GRAND PRAIRIE The Internet has warped nostalgia.
And by that, I mean the ability of a fervent few to easily find each other online and create the impression that some piece of pop culture was more missed than it actually is or was can lead to some skewed situations. For example, was anyone beyond its die-hard fans clamoring for a new season of Arrested Development?
The Postal Service, a one-time side project for musicians Ben Gibbard and Jimmy Tamborello, is another instance where manufactured nostalgia intruded upon (perceived) reality.
The pair released Give Up in 2003, and thanks to infectious single Such Great Heights, enjoyed a popularity that ebbed and flowed over the last 10 years. Each was otherwise occupied with day jobs — Gibbard in Death Cab for Cutie, Tamborello in Dntel — and apart from Give Up’s fevered fans, few were anxious for new music from the group.
And yet: the 10th anniversary of an album that’s sold a million copies over the course of a decade apparently merits the lengthy merch lines and the surprisingly jam-packed pit seen Monday night at Verizon Theatre. It was a little jarring to see such a healthy turn-out (on a Monday, of all things) and the reception afforded Gibbard, Tamborello and unofficial third member Jenny Lewis was deafening. Give Up is a quiet, earnest album, danceable before its time, and clearly, struck a chord with the few thousand piled into the theatre.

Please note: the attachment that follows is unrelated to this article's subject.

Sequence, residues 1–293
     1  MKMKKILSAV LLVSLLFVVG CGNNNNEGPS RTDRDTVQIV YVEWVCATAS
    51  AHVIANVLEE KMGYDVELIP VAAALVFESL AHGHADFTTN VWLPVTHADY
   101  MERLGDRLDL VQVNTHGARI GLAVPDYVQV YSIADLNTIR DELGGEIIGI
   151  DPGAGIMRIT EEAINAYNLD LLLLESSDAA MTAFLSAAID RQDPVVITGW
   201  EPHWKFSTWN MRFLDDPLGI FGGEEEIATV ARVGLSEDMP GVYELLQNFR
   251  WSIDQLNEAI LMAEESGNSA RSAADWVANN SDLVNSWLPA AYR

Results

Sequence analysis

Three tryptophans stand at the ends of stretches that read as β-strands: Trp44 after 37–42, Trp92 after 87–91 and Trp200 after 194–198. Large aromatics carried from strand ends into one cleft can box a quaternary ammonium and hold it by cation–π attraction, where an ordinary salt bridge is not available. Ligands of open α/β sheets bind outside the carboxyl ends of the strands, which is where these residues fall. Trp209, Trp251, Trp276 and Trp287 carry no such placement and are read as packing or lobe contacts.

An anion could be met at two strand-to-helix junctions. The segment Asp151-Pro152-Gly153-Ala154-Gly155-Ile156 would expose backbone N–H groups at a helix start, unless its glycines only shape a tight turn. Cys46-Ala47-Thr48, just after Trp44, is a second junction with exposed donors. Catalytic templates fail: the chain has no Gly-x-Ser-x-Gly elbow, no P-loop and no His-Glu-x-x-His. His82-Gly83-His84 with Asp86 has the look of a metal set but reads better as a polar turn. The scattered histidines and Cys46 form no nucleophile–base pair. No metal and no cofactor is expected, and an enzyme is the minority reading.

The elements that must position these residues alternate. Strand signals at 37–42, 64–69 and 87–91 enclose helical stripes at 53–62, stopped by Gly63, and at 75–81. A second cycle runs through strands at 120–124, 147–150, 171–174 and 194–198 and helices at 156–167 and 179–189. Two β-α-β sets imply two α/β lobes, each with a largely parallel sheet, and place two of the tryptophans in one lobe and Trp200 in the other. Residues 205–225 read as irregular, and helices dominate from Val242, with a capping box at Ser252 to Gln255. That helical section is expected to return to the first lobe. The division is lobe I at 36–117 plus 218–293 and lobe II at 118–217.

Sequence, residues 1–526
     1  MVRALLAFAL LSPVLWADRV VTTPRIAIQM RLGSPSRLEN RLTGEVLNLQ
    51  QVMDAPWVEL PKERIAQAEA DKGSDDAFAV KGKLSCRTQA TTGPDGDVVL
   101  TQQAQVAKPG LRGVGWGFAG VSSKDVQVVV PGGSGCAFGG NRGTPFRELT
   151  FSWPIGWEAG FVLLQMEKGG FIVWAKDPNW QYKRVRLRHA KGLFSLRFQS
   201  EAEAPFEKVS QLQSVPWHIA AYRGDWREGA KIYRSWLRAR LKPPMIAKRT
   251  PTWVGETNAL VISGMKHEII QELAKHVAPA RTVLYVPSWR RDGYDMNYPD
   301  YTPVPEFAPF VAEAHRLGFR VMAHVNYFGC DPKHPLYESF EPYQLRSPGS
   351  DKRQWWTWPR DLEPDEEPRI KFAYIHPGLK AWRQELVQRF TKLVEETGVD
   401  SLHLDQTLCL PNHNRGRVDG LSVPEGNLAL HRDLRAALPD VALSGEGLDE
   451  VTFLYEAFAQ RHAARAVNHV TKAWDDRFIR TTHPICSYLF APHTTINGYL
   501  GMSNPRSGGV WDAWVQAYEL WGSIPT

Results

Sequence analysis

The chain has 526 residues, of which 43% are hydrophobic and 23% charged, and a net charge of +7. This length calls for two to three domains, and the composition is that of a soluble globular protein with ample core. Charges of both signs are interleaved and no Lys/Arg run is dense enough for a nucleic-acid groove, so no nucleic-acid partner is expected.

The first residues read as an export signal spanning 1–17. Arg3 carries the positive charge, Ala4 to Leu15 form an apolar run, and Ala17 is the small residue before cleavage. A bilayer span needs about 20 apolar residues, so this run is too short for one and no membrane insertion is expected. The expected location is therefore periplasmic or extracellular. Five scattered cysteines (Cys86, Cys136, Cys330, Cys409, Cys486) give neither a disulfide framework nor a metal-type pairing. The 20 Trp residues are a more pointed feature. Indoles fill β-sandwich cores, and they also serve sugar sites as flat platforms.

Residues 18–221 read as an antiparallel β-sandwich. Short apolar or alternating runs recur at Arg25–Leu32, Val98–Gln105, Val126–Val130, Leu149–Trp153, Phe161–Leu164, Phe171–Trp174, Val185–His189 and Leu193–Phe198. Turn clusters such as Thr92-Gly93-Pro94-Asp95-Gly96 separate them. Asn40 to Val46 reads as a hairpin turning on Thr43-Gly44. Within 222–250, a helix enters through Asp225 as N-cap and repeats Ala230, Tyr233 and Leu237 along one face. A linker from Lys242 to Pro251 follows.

The 75-minute set was almost manic in its pacing (thanks to the dazzling light show embedded in the staging), a restless Gibbard scarcely stopping to talk between songs, nearly all of which were ruined by a horrific sound mix. The bass was so overwhelming that, at one point, during Nothing Better, my vision was blurring slightly.
It’s unfortunate, as most of the Postal Service material is thick with atmosphere, and when it could be discerned, the vocal interplay between Lewis and Gibbard was wonderful. Apart from playing almost the entire Give Up album, the Postal Service also showed off new songs like A Tattered Line of String (Gibbard, however, has said no new album is on the horizon).
Still, the band has successfully rejiggered its contemplative electro-pop songs into throbbing, exultant soundscapes, and made this “victory lap” feel less crass than it might otherwise. Sometimes, it’s best to just give the people what they want — whether it’s truly missed or not.